“No greater love can be conceived than this, that you should purchase my salvation at the cost of your life.” Fallen though he is, man still bears the imago Dei. It is the mark of his creator that compels a man to draw his sword and charge headlong into the melee, even at the cost of life and limb. But our lazy and self-absorbed tendencies mar this inclination and derail our charges. If we are to save our Republic, and indeed Western Civilization itself, we must re-build a culture that promotes heroic, sacrificial virtue, and no longer allow ourselves to be merely consumers and spectators.
There can come a moment where a man faces a choice, where a great sacrifice is asked of him, and upon his decision hangs the lives of many, that fate of a nation, or the future of a civilization. These moments came at places like Thermopylae, Gettysburg, Midway, and elsewhere. Most of us won’t face these sorts of choices in our lives.
For most of us, the call to sacrifice comes in the countless decisions we make in the most mundane aspects of daily life as we choose between putting ourselves or others first. Lived to its fullness, this sacrifice is no less heroic than those great, terrible and decisive moments that have changed the course of history.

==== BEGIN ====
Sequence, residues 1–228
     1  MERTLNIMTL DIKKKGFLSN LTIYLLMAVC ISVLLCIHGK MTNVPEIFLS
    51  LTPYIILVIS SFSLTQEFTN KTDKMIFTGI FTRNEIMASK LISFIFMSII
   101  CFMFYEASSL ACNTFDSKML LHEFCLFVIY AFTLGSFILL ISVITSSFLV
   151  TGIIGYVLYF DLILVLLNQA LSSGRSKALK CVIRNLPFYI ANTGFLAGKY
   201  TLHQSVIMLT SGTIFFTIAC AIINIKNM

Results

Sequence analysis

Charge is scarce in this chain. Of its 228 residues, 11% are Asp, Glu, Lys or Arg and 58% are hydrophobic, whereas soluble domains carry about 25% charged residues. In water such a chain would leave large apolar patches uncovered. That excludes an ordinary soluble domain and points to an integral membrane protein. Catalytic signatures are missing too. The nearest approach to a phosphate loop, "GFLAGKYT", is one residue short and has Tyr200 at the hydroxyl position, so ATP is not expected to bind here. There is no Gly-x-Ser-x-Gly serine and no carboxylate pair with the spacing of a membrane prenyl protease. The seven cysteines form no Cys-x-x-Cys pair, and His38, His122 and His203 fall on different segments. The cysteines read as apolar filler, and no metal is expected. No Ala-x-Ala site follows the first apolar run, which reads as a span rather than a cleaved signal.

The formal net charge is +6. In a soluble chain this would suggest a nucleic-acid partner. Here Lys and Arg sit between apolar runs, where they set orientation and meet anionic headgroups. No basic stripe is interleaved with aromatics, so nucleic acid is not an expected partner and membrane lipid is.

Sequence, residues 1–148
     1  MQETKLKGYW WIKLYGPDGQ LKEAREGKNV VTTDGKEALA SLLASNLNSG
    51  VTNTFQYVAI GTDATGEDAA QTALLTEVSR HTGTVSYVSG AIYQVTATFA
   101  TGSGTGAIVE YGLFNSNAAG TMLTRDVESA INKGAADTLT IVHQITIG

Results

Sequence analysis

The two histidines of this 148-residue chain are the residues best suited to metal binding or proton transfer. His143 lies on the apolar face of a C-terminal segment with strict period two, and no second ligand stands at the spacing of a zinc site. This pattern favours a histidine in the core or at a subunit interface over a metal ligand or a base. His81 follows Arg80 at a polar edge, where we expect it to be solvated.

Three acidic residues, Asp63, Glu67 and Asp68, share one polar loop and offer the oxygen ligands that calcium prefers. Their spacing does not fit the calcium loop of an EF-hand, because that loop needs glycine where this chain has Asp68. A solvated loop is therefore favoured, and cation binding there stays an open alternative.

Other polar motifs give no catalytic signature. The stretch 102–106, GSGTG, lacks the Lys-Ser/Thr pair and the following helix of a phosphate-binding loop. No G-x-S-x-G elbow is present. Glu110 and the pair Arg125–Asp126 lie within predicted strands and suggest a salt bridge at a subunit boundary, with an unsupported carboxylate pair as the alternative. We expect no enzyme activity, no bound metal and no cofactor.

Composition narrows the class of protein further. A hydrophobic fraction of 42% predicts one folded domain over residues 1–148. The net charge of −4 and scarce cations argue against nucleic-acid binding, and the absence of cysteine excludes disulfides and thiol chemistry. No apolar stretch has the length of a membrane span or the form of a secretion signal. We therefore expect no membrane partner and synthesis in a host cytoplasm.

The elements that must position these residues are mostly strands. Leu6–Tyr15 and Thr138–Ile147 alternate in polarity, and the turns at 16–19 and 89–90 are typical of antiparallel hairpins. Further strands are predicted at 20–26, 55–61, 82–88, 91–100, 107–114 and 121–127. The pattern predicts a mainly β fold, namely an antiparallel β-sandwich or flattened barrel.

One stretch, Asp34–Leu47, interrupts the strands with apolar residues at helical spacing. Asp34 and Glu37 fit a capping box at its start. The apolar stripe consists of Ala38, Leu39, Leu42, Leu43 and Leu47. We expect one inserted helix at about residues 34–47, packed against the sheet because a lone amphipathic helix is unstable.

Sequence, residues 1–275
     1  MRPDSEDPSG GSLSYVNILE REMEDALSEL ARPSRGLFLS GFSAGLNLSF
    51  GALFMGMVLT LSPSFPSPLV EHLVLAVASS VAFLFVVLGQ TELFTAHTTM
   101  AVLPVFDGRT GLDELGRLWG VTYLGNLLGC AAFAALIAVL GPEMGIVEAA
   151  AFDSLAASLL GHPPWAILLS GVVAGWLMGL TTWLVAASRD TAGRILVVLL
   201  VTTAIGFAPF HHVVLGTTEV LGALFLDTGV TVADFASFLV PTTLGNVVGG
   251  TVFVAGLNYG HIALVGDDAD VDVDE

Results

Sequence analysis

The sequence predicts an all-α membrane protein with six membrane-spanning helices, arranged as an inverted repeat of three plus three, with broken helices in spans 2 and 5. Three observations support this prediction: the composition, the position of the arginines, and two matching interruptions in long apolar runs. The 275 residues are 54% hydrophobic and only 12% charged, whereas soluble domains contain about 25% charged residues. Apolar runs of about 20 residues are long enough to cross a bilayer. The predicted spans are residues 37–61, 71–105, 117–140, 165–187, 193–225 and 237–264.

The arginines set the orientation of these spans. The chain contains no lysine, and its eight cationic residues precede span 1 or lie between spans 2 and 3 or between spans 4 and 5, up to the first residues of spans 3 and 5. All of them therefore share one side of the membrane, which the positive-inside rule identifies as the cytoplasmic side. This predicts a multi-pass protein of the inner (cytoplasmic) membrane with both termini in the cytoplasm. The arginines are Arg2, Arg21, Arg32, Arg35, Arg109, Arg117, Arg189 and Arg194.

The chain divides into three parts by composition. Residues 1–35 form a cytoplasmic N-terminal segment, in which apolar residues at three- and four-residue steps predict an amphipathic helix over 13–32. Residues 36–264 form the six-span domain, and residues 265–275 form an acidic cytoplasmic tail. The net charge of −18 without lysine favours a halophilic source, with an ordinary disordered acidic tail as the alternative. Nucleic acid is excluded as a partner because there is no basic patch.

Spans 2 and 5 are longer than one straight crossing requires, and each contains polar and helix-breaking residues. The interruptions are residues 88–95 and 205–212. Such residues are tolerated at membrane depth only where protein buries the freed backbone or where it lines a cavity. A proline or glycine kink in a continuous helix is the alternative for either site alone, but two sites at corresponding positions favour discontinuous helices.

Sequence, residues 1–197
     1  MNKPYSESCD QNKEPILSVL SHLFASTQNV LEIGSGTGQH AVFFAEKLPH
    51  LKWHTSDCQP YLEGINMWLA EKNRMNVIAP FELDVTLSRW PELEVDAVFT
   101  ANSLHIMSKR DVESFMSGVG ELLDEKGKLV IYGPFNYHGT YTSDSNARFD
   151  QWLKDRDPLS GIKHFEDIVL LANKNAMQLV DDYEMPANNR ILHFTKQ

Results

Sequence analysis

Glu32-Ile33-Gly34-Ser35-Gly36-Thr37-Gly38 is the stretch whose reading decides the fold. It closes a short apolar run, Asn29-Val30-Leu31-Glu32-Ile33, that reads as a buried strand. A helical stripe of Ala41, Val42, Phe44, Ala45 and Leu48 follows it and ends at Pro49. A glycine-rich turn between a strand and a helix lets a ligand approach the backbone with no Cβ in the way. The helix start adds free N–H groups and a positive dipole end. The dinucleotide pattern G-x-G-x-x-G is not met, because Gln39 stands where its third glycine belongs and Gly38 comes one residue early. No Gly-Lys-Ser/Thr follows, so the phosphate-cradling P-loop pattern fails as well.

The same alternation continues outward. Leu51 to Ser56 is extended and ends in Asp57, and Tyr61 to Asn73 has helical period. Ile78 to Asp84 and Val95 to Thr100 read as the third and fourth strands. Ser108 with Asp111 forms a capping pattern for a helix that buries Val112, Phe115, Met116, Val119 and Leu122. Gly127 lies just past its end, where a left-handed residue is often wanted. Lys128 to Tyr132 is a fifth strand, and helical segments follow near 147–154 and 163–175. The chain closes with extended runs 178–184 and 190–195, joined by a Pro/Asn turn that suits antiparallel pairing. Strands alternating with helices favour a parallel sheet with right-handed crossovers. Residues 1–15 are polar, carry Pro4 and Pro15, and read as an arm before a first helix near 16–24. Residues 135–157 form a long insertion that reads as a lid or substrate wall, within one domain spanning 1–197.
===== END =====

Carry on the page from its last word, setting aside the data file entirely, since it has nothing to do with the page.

Certainly it’s true that as a culture we have much to re-learn about sacrifice. Think of what would happen to our families and our country’s 50% divorce rate if more people truly lived their marriage as a sacrificial vocation for the sake of their beloved. Think of how much stronger our society could be if people spent more time building up their communities and less time screaming about what the government ought to give them.
I like stories about heroes. I’m particularly fond of westerns. They remind me that it’s possible for a man to take a stand for his cause and influence the course of events. He needn’t survive to do so, which is why, I suspect, many of the greatest tales are about heroes who die in defense of their cause. But stories about heroes also show me where I fall short in my daily struggle to sacrifice for the people and causes I hold dear. They help hold me accountable.
In “Open Range,” the character Charley Waite confronts townspeople who are afraid to stand up to a local tyrant. “I didn’t raise my boys just to see them killed,” one remarks. Charley responds matter-of-factly, “well you may not know this, but there’s things that gnaw at a man worse than dying.”
A man needs a cause—a family, church, country, civilization—that calls him to stand up and, if need be, sacrifice himself. Without it he has little purpose and no real destiny. Without it he is lost.